Last April, pet owners all over the Midwest were worried as the outbreak of canine flu took over the news and their pets. In Chicago, P.A.W.S. Of Tinley Park was able to display a sign saying “We are flu free” one month later.
Trixie, a dog that came down with canine flu at P.A.W.S., is back to her energetic old self, and even found herself in the new home of Valerie Davis. She tested negative for the flu two weeks later.
But Trixie was not the only dog at the shelter who caught the canine flu. At one point 34 out of 35 dogs at the shelter were all suffering from flu, forcing P.A.W.S. to temporarily close its doors.
Due to the close quarters of the shelter, the flu was able to make its rounds around the animals and easily spread. The contagious illness spread to over one thousand dogs in Illinois, Wisconsin, Ohio and Indiana, all testing positive for the virus.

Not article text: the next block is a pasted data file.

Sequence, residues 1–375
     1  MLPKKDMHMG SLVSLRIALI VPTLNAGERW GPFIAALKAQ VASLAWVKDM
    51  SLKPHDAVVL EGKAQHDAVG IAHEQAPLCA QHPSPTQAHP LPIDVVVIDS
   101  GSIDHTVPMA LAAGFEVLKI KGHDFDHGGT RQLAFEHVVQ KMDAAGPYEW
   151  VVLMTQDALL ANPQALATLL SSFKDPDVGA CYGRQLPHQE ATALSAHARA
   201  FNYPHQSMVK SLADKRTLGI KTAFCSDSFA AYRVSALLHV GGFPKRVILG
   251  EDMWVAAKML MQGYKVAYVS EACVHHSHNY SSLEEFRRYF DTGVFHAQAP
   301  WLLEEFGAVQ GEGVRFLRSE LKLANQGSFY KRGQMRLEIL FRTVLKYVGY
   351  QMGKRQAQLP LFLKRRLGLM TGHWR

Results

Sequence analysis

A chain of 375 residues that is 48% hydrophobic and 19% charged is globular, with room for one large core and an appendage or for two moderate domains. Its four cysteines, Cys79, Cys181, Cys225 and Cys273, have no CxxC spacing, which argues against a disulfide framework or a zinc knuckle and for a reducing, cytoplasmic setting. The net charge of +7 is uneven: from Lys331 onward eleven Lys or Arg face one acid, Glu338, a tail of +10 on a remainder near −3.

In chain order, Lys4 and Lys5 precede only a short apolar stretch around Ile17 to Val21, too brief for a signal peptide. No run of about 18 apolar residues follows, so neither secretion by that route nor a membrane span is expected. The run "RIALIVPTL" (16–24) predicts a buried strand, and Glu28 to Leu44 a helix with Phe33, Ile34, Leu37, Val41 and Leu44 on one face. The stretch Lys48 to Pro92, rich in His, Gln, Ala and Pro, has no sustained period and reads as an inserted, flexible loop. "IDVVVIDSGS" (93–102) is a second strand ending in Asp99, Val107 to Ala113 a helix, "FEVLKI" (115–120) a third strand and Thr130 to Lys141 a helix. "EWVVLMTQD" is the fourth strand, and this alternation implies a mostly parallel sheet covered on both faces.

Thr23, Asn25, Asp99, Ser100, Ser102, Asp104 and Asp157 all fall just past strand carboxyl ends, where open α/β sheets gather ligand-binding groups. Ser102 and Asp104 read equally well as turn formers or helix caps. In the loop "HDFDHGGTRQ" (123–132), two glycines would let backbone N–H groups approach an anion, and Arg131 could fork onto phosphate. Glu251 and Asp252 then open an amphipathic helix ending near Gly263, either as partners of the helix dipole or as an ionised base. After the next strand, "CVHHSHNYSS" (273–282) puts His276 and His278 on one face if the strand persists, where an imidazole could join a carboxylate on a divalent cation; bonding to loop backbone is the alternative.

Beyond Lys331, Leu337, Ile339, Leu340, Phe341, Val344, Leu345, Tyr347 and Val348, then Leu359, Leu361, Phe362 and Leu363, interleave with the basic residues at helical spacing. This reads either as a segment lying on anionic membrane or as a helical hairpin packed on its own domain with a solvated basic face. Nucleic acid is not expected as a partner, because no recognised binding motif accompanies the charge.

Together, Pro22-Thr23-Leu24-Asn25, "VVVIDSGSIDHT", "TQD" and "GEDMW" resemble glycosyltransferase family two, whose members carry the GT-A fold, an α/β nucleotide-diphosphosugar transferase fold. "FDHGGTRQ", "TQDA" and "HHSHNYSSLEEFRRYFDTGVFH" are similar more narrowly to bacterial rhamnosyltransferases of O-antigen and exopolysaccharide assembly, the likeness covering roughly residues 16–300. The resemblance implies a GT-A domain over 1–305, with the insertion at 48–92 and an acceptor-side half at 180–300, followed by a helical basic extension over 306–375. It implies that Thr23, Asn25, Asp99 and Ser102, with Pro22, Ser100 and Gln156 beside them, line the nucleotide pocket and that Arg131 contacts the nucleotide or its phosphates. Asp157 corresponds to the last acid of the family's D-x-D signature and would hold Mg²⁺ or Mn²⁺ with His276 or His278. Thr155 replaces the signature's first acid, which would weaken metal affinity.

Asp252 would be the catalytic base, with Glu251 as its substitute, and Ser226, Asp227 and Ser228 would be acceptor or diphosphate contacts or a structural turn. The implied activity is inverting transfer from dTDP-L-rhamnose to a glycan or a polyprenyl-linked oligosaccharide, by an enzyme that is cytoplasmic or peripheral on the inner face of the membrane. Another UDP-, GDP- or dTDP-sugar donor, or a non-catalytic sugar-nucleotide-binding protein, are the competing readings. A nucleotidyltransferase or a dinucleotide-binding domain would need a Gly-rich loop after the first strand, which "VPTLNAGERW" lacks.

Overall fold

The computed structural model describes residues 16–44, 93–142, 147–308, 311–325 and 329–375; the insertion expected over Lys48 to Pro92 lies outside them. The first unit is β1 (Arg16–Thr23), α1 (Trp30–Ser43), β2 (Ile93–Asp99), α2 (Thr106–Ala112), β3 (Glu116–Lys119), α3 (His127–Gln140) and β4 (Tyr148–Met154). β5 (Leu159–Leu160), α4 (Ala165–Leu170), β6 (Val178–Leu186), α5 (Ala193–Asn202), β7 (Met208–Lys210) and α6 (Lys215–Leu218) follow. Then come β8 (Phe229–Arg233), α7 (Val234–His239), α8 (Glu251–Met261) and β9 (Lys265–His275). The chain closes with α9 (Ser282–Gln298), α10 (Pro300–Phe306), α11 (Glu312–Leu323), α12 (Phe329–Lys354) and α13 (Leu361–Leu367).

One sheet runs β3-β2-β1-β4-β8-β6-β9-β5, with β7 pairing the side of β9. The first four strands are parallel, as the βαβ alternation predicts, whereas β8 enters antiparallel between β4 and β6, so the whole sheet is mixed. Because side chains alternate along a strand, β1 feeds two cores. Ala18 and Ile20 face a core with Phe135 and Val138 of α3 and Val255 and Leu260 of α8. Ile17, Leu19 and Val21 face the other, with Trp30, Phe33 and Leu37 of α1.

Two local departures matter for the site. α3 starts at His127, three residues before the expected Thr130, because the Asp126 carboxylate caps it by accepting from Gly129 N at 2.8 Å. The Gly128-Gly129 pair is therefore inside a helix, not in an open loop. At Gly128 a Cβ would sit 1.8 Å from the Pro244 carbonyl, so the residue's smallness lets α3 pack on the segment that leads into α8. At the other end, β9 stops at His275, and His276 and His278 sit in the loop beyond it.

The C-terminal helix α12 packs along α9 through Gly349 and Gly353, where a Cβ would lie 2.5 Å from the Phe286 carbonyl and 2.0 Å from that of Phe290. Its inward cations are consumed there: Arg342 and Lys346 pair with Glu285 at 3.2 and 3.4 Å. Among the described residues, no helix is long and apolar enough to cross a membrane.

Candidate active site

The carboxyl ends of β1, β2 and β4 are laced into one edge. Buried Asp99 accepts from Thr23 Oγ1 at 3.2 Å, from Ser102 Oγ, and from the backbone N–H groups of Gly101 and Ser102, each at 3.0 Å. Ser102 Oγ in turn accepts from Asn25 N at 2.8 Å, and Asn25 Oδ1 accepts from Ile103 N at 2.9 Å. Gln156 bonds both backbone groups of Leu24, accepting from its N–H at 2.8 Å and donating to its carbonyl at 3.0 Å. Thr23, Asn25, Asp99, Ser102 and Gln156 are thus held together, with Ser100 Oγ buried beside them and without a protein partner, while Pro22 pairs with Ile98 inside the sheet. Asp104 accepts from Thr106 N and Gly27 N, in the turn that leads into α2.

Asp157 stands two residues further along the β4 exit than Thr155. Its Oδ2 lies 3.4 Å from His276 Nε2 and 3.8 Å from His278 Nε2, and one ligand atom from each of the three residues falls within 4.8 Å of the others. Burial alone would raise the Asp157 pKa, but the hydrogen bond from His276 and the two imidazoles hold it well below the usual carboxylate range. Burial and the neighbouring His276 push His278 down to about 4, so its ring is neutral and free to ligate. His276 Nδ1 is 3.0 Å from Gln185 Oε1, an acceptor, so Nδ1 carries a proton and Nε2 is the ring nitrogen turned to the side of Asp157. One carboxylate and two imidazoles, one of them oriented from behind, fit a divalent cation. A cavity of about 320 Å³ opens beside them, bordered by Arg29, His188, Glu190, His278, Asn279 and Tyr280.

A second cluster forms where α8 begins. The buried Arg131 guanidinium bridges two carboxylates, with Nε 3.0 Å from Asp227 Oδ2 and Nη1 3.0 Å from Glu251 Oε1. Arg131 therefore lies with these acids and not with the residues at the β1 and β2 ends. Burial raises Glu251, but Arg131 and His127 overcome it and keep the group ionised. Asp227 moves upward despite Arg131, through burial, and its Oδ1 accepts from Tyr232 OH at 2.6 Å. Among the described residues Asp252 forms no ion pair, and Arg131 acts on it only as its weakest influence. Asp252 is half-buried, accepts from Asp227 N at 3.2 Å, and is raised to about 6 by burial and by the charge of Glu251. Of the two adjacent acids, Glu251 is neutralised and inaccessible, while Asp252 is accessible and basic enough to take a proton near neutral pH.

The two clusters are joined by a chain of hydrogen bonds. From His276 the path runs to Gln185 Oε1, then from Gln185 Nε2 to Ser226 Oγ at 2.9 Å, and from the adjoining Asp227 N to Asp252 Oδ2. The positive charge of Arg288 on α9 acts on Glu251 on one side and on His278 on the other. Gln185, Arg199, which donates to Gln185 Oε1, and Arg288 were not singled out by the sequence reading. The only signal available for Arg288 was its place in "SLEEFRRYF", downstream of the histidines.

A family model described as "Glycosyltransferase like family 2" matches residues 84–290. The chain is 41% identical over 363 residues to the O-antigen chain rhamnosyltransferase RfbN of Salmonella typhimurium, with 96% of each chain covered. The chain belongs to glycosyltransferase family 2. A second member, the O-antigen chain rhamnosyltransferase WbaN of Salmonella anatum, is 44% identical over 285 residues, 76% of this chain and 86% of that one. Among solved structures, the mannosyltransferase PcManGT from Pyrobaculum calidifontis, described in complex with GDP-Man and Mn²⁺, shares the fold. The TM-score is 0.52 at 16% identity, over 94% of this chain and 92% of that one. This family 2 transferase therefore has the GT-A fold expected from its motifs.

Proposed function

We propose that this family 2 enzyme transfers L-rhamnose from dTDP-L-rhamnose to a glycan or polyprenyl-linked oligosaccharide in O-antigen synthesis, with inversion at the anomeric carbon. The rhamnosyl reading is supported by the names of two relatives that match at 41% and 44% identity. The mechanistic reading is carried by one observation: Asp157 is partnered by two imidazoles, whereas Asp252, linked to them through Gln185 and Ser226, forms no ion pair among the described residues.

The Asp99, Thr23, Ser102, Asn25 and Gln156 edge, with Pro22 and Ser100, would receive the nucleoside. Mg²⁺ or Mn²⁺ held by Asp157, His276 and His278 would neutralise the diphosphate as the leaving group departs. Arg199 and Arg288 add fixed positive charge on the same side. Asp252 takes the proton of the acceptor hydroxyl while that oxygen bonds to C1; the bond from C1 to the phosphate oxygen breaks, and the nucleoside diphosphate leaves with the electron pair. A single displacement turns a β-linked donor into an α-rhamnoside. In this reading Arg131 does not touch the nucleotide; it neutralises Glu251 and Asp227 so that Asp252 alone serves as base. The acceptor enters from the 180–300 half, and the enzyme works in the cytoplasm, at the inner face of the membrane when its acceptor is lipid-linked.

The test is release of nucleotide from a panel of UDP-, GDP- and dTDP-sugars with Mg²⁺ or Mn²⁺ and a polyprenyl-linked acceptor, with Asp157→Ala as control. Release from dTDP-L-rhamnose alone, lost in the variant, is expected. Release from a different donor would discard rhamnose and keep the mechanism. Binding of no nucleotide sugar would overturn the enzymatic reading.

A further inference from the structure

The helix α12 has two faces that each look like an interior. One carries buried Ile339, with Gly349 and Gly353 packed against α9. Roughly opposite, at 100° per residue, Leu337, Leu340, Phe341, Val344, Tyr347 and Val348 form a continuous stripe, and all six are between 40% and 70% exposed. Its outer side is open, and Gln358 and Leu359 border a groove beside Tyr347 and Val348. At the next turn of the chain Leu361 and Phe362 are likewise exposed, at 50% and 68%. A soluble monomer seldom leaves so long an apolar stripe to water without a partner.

John Greenan, director of P.A.W.S., stated that they ended up losing a couple of animals to the epidemic, but is forever grateful to its volunteers who acted as the backbone to the shelter.
Animals came down with persistent coughs, runny noses and fevers. Doctor John Coyne of Midwest Animal Hospital cared for all the dogs at P.A.W.S.
“Some animals required oxygen therapy, others needed to be nebulized. The shelter switched back and forth between intravenous and oral antibiotics until we found something that worked,” Coyne said. “Every case was individual.”
Dr. Coyne recommends pet owners in these areas get their pets all their required immunization, to prevent an outbreak like this from every happening again and so that places like P.A.W.S. can stay open, and their dogs can continue to find happy homes.